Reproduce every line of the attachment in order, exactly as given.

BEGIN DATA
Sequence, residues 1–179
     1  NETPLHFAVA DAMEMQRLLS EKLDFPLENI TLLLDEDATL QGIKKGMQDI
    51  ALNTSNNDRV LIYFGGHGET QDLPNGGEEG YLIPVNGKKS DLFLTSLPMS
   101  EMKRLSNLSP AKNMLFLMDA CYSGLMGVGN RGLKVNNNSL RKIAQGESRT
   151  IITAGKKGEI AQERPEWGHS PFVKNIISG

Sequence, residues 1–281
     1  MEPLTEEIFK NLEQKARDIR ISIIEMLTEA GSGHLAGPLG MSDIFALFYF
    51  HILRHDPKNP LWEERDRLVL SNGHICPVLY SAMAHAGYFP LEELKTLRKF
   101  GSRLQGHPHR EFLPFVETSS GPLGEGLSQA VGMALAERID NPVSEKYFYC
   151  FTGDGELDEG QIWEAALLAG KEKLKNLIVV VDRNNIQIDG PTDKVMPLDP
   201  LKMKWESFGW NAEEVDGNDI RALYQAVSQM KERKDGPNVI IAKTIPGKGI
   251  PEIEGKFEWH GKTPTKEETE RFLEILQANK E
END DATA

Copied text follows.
Sequence, residues 1–179
     1  NETPLHFAVA DAMEMQRLLS EKLDFPLENI TLLLDEDATL QGIKKGMQDI
    51  ALNTSNNDRV LIYFGGHGET QDLPNGGEEG YLIPVNGKKS DLFLTSLPMS
   101  EMKRLSNLSP AKNMLFLMDA CYSGLMGVGN RGLKVNNNSL RKIAQGESRT
   151  IITAGKKGEI AQERPEWGHS PFVKNIISG

Sequence, residues 1–281
     1  MEPLTEEIFK NLEQKARDIR ISIIEMLTEA GSGHLAGPLG MSDIFALFYF
    51  HILRHDPKNP LWEERDRLVL SNGHICPVLY SAMAHAGYFP LEELKTLRKF
   101  GSRLQGHPHR EFLPFVETSS GPLGEGLSQA VGMALAERID NPVSEKYFYC
   151  FTGDGELDEG QIWEAALLAG KEKLKNLIVV VDRNNIQIDG PTDKVMPLDP
   201  LKMKWESFGW NAEEVDGNDI RALYQAVSQM KERKDGPNVI IAKTIPGKGI
   251  PEIEGKFEWH GKTPTKEETE RFLEILQANK E